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Teaching Kids to Be Good Sports

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Here's how to teach your kids to lose gracefully.

Dr. Michelle Golland: It was the sucker punch heard around the world. University of Oregon football player LeGarrette Blount hit Boise State player Byron Hout last week after their game.


With such examples in the news, how do we teach our kids to be better sports than Blount was?

Teaching our children good sportsmanship is key to their emotional connections with peers. Social and emotional skills are an essential part of navigating school, from preschool and beyond. Being a good sport is not just about never cheating or never trash-talking the other team; it is truly about self-esteem and learning from adversity. Even if your score is not the highest, you can still be a winner.

Want to win but don't hate to lose: Teach your kids that it is healthy to desire to win, but that all athletes have to learn to lose too. Teach them to accept defeat with grace and dignity. It is great to win, and of course it feels good, but glow about your efforts, don't gloat.

Be your child's role model: Offer praise for your child and encourage all the other kids too, including the opponents. Never berate, tease, or demean any child athlete or referee in front of your child.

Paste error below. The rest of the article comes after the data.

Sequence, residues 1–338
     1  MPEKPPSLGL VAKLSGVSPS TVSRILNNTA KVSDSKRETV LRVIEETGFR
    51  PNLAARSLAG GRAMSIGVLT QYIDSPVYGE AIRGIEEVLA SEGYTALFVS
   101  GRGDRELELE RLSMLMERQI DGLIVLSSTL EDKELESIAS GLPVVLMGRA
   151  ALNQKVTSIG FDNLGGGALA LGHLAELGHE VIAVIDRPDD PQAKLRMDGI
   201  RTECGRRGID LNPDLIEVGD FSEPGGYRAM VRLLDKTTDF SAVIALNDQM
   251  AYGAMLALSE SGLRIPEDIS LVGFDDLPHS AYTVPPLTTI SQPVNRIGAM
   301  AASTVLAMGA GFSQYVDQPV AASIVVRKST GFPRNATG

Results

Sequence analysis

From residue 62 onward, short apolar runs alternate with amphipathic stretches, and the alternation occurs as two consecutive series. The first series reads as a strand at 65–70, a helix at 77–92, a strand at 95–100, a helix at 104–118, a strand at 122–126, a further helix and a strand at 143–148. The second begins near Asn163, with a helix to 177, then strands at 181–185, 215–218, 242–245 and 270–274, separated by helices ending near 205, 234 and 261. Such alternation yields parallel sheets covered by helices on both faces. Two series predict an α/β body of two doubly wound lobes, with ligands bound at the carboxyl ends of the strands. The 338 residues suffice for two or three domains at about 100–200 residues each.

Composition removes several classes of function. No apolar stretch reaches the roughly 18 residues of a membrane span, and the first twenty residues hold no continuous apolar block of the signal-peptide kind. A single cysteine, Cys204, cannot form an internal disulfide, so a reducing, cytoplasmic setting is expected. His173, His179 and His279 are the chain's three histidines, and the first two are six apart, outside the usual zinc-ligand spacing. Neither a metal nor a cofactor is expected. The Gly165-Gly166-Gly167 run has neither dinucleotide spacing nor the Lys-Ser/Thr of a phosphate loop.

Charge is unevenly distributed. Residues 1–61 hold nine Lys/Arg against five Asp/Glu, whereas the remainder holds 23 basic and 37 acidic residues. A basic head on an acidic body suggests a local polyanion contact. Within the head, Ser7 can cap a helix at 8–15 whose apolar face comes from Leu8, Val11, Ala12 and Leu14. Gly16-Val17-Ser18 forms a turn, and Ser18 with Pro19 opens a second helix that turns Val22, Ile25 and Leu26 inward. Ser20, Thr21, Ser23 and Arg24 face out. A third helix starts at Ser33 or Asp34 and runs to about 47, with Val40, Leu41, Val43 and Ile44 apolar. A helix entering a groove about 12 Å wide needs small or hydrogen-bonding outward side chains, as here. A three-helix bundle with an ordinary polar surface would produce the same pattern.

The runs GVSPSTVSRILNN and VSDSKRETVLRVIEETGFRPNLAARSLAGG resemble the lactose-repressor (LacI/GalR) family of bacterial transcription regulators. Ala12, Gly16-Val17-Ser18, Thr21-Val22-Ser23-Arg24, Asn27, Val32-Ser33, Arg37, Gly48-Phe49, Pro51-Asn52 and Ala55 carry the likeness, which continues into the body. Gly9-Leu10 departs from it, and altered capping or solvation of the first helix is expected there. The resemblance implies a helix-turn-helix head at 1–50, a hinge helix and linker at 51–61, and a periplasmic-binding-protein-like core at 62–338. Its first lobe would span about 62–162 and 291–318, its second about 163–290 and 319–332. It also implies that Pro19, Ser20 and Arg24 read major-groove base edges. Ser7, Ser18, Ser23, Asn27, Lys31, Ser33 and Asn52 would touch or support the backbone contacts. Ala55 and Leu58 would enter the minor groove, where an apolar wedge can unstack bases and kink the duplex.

Check out your own agenda about sports: Your child's desire to play sports should come from them, not you. If you have some vision of being the coach but your kid doesn't really enjoy it, you may need to reconsider the activities your child really wants to experience.

Family game night: Use game nights to instill the fun and joy of game playing, whether you win or lose. Board games, chess, or Wii are quick tools that can help develop the "good sport" muscle in your kids.

Focus on efforts, not mistakes: Be proud of them for trying their best. Mistakes will happen and games will be lost. Teach your kids to offer praise to the losing team or opponent by shaking the other team's hand or saying "great game" or "that was a good try."

The goal of good sportsmanship is teaching our children the values of a positive attitude, respect for others, leadership, and empathy.

How do you teach your kids to be good sports? Comment below.



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3 comments so far | Post a comment now
Anonymous September 9, 2009, 9:21 AM

An angry black man

dmr September 9, 2009, 9:43 AM

Byron Hout is not the innocent victim here. Do a little research on the story, there is 2 people involved, and Hout did not get disciplined at all. Not condoning what Blount did, but his punishment is harsh.

Melissalynn September 9, 2009, 10:07 AM

If Hout should be punished for talking trash then Blount should have been suspended before the game even happened since he was using the media to talk trash before the game. Just because Blount reacted inappropriately doesn’t mean Hout should be suspended. Everyone says that Hout was “asking for it.” In my opinion Blount should have expected a few snide comments after his immature comment he made to the press.


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